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Ramshackle is a word that first appeared in the early 1800s, and is believed to be an alteration of an older, Scottish word. We will examine the meaning of the word ramshackle, where it most probably came from and some examples of its use in sentences.

Ramshackle describes something tumbledown, something in ruin or dilapidated. Most often, ramshackle is used to describe a building that needs repair or appears to be close to collapse. Interestingly, the term was originally rendered as ramshackled, a variant of the Scottish word ransackled meaning something that has been ransacked. The idea is of a place that has been torn to pieces, usually in the course of robbing the building. In time, the word came to mean a building in need of repair, usually because of neglect rather than because of a robbery attempt.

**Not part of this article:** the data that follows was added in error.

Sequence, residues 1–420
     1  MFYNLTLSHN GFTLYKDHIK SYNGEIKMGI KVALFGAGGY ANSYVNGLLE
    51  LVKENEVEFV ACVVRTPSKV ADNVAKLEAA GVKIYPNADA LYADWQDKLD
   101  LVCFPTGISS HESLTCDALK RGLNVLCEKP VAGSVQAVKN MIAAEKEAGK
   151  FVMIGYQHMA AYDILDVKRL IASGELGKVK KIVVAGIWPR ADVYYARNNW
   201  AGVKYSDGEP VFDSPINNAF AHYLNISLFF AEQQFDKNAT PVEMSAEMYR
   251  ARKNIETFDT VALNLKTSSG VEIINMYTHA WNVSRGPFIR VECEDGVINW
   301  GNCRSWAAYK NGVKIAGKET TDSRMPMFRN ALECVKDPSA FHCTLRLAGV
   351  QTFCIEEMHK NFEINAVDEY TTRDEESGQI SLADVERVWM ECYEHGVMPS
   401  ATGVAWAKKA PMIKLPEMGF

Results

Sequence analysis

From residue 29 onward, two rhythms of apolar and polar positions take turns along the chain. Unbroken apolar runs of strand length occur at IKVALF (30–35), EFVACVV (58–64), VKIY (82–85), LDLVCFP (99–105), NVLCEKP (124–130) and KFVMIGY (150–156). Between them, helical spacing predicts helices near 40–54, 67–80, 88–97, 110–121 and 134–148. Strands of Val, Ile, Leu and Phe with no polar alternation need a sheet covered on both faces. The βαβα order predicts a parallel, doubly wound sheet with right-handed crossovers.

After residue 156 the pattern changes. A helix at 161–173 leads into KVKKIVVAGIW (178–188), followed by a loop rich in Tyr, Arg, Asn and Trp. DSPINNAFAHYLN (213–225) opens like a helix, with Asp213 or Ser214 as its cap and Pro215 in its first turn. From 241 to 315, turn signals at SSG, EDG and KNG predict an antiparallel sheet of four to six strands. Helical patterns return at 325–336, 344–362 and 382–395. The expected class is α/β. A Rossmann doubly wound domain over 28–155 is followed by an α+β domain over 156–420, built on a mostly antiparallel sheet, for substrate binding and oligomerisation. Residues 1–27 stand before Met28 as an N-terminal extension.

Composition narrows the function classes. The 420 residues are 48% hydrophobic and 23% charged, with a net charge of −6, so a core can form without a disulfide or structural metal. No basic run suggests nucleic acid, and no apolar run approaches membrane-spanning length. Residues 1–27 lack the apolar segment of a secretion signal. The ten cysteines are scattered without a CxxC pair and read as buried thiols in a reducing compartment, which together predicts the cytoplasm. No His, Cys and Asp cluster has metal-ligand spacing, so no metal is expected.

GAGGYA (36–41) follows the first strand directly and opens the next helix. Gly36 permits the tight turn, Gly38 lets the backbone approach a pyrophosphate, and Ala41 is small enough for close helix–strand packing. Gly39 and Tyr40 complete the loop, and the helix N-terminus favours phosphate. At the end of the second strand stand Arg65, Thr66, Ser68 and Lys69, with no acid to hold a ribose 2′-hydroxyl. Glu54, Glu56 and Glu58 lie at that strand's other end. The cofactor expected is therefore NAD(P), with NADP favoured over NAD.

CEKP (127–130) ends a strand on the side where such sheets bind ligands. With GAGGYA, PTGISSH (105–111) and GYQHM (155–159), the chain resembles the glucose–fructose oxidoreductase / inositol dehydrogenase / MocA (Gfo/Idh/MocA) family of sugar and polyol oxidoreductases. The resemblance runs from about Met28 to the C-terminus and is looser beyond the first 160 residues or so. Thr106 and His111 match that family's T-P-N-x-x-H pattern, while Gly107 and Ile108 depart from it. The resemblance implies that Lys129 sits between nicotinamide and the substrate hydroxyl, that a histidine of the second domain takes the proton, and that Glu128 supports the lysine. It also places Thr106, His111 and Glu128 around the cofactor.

The $3 billion Bloomberg-era project to transform a neighborhood of broken streets and ramshackle auto repair shops across from Citi Field in Queens appeared dead in 2015, when a state court ruled that the city could not take a piece of Flushing Meadows Corona Park for a gigantic shopping mall and garage as it had planned. (The New York Times)

At night, they are confined to a ramshackle living quarters just beneath the tower — a sign explains that Syrian workers in Lebanon must respect a 7 p.m. curfew — where they stare at television and telephone-screen images of the war raging on back in their homeland. (The Hollywood Reporter)

As the pregnant clouds give birth to a heavy downpour, this news crew is prompted to scurry for cover and instead of being ushered into the house by our host, the singer opts for an interview in a ramshackle car which we gladly share with rats that have taken advantage of the comforts of the seats to breed. (The Herald)